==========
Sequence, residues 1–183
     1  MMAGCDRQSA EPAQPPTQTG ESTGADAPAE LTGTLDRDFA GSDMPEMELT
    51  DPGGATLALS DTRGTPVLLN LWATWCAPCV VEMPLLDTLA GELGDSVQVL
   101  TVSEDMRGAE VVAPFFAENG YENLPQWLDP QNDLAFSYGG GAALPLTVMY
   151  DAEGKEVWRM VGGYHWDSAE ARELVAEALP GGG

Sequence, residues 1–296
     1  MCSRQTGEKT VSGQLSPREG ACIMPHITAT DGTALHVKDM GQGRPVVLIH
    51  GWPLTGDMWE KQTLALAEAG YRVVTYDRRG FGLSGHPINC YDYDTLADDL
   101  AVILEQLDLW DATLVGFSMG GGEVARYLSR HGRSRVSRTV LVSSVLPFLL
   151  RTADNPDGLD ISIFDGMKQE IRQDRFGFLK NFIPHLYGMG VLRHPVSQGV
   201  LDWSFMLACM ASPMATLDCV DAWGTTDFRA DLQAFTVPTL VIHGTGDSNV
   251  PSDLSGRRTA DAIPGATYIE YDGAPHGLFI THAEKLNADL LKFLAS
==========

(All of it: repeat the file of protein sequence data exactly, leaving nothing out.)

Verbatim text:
Sequence, residues 1–183
     1  MMAGCDRQSA EPAQPPTQTG ESTGADAPAE LTGTLDRDFA GSDMPEMELT
    51  DPGGATLALS DTRGTPVLLN LWATWCAPCV VEMPLLDTLA GELGDSVQVL
   101  TVSEDMRGAE VVAPFFAENG YENLPQWLDP QNDLAFSYGG GAALPLTVMY
   151  DAEGKEVWRM VGGYHWDSAE ARELVAEALP GGG

Sequence, residues 1–296
     1  MCSRQTGEKT VSGQLSPREG ACIMPHITAT DGTALHVKDM GQGRPVVLIH
    51  GWPLTGDMWE KQTLALAEAG YRVVTYDRRG FGLSGHPINC YDYDTLADDL
   101  AVILEQLDLW DATLVGFSMG GGEVARYLSR HGRSRVSRTV LVSSVLPFLL
   151  RTADNPDGLD ISIFDGMKQE IRQDRFGFLK NFIPHLYGMG VLRHPVSQGV
   201  LDWSFMLACM ASPMATLDCV DAWGTTDFRA DLQAFTVPTL VIHGTGDSNV
   251  PSDLSGRRTA DAIPGATYIE YDGAPHGLFI THAEKLNADL LKFLAS